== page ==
John Divola’s Dogs Chasing My Car in the Desert (Nazraeli Press, 2004)
Experienced collector Tom Claxton talks through the boom, and explains how to put together a collection while keeping your feet on the ground.
Check also his site.
“With a little luck, a book has a slowly building power. It can be a real help. Survival in photography depends, in my experience, on a synergy between shows and publications.”
A clutter-filled studio is a route to creativity, says photographer Mark Ruwedel.
From his home in Long Beach, California, Mark Ruwedel, shows us around his studio and talks about why it can take him years to complete a photographic series, after an evolving process of sifting and selection.
One such series involved a 14-year study of old abandoned railroads in the American and Canadian West. He describes documenting these incredible feats of engineering, and a history of human endeavour long lost and almost forgotten.
Check the video at his studio.
Check also this video where there art its talks about the traces of illegal immigration he found and photographed on theUS – Mexico border, and his continued search for the ‘human’ in landscape.
An interesting and straightforward interview on a great photographer. An amazing work on family and love.
Another great color photographer.
«Bruce Wrighton’s work spanned a relatively small area, the downtown of Binghamton, New York, and a few nearby cities, and he had only a relatively short time to do it in, for he died in 1988 at the age of 38.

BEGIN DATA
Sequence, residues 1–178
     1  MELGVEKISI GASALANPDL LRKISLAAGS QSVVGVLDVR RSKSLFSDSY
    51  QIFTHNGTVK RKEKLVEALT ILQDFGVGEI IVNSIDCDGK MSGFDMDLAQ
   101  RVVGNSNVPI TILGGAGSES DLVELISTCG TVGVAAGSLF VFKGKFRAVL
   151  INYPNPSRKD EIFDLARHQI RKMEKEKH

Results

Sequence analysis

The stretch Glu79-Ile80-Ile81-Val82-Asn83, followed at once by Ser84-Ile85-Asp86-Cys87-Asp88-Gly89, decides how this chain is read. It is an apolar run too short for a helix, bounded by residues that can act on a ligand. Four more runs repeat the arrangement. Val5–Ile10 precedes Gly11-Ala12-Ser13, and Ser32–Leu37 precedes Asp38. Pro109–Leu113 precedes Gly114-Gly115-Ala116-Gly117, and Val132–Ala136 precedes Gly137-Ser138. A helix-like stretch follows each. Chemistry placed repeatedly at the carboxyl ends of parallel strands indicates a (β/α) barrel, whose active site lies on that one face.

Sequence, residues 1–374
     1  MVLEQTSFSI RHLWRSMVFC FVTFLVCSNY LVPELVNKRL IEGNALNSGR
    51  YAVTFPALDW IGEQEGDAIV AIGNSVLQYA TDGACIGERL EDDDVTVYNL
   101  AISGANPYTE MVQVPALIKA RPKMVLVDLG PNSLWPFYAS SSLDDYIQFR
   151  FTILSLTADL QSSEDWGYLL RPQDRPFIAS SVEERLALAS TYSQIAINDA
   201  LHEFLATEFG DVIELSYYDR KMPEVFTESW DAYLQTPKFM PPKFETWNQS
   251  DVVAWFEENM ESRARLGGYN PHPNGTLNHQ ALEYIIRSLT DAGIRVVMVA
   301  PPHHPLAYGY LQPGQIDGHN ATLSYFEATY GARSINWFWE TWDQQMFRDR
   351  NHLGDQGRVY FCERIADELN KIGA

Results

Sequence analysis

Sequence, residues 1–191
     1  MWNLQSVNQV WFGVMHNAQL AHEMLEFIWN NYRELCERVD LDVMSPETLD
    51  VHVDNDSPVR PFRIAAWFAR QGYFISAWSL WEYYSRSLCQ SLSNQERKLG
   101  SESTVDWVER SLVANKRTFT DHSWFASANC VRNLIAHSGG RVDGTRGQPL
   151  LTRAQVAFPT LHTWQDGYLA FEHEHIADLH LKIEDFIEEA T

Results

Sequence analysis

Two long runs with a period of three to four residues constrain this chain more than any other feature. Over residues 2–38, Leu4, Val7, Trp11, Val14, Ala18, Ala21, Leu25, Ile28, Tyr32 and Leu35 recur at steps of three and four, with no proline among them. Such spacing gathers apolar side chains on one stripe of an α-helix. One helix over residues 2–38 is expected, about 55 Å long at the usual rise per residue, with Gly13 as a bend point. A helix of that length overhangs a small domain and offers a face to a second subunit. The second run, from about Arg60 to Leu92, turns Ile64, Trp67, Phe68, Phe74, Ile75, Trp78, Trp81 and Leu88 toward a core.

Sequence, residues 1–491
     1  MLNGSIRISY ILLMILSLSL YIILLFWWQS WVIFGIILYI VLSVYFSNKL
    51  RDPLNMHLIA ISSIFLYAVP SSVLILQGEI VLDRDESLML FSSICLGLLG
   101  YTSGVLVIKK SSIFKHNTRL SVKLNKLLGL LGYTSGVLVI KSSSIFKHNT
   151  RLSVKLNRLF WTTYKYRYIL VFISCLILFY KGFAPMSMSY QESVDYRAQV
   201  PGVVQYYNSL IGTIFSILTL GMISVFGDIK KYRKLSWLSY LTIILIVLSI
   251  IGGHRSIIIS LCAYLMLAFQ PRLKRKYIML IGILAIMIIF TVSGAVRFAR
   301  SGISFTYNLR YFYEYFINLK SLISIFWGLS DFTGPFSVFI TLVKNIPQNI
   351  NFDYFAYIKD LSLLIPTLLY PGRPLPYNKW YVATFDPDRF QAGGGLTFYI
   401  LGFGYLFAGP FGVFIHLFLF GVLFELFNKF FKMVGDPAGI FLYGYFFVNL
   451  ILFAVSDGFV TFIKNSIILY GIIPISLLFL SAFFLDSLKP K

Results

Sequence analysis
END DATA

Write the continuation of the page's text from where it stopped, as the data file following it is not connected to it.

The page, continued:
Yet he produced a portrait of a place and time – and a class – in America that brings a segment of history more alive than any textbook and is better to look at than most of them. The place comes through clearly enough in photographs of streets and diners, hotels and storage rooms, but it is in the portraits of people that it is most crucially discovered. You can find Wrighton’s subjects today in many small cities, quite likely in more of them in 2010 than in the 1970s because numerous cities have lost their major employers and the burden of economic problems weighs even heavier.
So he has recorded a minor history with major ramifications, a history that is twice alive, once in its current echoes across the nation and once in lasting images. Photography, life, and history keep company everywhere.»
Check this rare interview.